* Recap: Celtics 116, Suns 111
Jared Dudley is well versed in Boston Celtics’ lore, having spent his college years at Boston College getting an up close and personal education on the history of one of the most storied franchises in sports. So when he opines on the current state of the franchise — the Celtics are the first 20-win team in the league and own the best record in the league — he’s not just blowing smoke. His appreciation for what Danny Ainge has built and the culture Brad Stevens is shaping is real.
Dudley, toiling on a Phoenix Suns team in flux, believes the foundation of what the Celtics are building resonates with veterans and free agents who are looking for a winning situation that looks sound for years to come, what with a core of Kyrie Irving, Al Horford, Gordon Hayward (when he returns from injury) and budding young stars like Jaylen Brown and rookie Jayson Tatum. Dudley is convinced that the Celtics, as presently constituted, are a clear and present danger to the Cavaliers and Warriors, writes Steve Bulpett of the Boston Herald:
“You can tell the developmental work they do and their pre-draft work with how they scout for their system of being able to play multiple positions — the IQ, the athleticism,” Dudley said. “You can see these 3-4’s that can really guard so you have a chance to beat the Warriors in the West and Cleveland in the East.
“They’ve been gearing up, and because they’ve developed their young guys, they’ve made it a place of destination for free agents. You get Al and Gordon (Hayward), and you have those picks to take or trade. This team is setting itself up for the next 10 years.”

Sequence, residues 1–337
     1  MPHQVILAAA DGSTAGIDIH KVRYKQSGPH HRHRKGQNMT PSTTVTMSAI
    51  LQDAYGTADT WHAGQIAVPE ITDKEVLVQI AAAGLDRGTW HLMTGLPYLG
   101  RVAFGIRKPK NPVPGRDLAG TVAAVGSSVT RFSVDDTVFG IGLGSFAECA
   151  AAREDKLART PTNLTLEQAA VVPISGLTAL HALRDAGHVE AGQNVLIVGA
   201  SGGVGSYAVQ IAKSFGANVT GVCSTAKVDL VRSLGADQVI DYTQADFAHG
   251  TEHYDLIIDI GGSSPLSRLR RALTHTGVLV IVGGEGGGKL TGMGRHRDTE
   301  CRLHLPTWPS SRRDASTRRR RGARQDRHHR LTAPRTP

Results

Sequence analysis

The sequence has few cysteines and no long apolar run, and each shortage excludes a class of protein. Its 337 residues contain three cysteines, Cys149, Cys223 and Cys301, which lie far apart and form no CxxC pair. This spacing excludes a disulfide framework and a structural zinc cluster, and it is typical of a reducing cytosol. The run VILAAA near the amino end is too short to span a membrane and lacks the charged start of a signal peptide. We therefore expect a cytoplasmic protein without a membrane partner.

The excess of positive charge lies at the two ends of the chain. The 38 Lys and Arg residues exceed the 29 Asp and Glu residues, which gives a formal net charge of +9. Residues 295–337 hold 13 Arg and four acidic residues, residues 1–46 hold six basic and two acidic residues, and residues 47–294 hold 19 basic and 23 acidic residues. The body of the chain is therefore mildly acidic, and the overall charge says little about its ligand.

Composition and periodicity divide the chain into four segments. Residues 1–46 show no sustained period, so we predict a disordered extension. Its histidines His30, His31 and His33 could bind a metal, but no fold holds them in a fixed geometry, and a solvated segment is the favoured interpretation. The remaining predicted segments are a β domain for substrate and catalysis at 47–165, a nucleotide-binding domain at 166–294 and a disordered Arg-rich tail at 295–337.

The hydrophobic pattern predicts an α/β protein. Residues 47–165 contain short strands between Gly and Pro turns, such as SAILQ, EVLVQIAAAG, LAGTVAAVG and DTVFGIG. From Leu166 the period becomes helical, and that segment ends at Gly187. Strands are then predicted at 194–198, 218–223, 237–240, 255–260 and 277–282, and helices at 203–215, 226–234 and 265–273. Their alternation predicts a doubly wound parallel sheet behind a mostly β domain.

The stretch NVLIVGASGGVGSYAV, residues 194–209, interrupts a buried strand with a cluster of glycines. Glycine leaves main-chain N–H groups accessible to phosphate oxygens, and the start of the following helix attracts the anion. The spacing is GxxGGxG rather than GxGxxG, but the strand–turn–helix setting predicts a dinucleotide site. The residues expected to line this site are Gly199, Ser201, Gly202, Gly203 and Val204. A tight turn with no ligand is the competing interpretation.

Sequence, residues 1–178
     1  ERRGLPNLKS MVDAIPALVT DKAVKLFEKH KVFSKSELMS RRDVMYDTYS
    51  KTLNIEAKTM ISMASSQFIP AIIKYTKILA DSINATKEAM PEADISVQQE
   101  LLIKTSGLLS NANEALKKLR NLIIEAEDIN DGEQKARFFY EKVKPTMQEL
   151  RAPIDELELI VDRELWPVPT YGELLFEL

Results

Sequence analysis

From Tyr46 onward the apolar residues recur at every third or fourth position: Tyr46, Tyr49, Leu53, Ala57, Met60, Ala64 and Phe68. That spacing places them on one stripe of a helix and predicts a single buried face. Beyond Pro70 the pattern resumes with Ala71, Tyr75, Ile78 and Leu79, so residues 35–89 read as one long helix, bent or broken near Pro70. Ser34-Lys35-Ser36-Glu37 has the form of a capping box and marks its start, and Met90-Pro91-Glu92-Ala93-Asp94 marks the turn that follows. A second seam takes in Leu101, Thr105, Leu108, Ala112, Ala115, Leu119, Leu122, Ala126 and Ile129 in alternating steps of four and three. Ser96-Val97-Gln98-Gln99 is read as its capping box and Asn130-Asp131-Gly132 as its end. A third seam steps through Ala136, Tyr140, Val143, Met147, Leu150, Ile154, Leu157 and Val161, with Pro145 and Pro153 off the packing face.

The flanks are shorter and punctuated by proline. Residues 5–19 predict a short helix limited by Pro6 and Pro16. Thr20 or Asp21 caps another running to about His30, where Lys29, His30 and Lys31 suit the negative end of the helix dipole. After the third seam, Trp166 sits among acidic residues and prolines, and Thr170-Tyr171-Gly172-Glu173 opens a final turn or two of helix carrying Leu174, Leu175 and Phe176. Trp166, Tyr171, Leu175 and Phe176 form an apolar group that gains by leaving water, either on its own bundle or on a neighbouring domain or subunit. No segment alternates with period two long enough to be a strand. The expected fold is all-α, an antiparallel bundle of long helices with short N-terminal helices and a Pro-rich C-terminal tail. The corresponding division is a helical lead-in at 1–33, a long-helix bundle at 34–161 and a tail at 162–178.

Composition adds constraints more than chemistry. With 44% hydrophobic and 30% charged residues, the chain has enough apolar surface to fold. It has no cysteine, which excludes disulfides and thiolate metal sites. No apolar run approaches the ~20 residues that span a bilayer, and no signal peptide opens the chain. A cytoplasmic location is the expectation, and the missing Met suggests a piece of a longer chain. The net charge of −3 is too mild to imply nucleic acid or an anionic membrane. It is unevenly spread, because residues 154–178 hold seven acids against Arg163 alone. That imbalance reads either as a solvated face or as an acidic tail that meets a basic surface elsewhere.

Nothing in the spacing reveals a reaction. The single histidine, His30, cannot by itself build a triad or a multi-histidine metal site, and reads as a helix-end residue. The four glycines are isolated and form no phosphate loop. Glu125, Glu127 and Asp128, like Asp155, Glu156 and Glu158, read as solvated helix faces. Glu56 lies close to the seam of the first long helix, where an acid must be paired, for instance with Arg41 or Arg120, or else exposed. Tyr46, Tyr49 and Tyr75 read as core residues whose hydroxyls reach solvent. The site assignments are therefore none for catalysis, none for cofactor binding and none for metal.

The 8-16 Suns made it close at the end against the now 20-4 Celtics, but there was Tatum making all three of his fourth-quarter shots, including an inside maneuver that had Tyson Chandler wincing and a driving dunk that made it a five-point game with 55 seconds left.
“I love Tatum,” said Dudley. “I love him because you know he’s going to fill into his body. I don’t know if he’s a natural 3 or a natural 4, but it doesn’t matter; he can play both. He shoots the ball very well, and the biggest thing is he has the IQ. He has a high IQ. You can tell, because he doesn’t force things. Most young guys are kind of lost at times and they force things, but not him.
“I think it’s just the Celtic culture,” he added. “It starts with Brad Stevens and Danny Ainge and what they instill, the accountability. You saw it here (yesterday). A couple of guys weren’t playing well, and he (Stevens) doesn’t wait. He’ll let you work through a problem, but if you’re not giving what they want, he’ll pull you out and give someone else a chance. That’s accountability. Everyone has a chance to make an impact on the game.”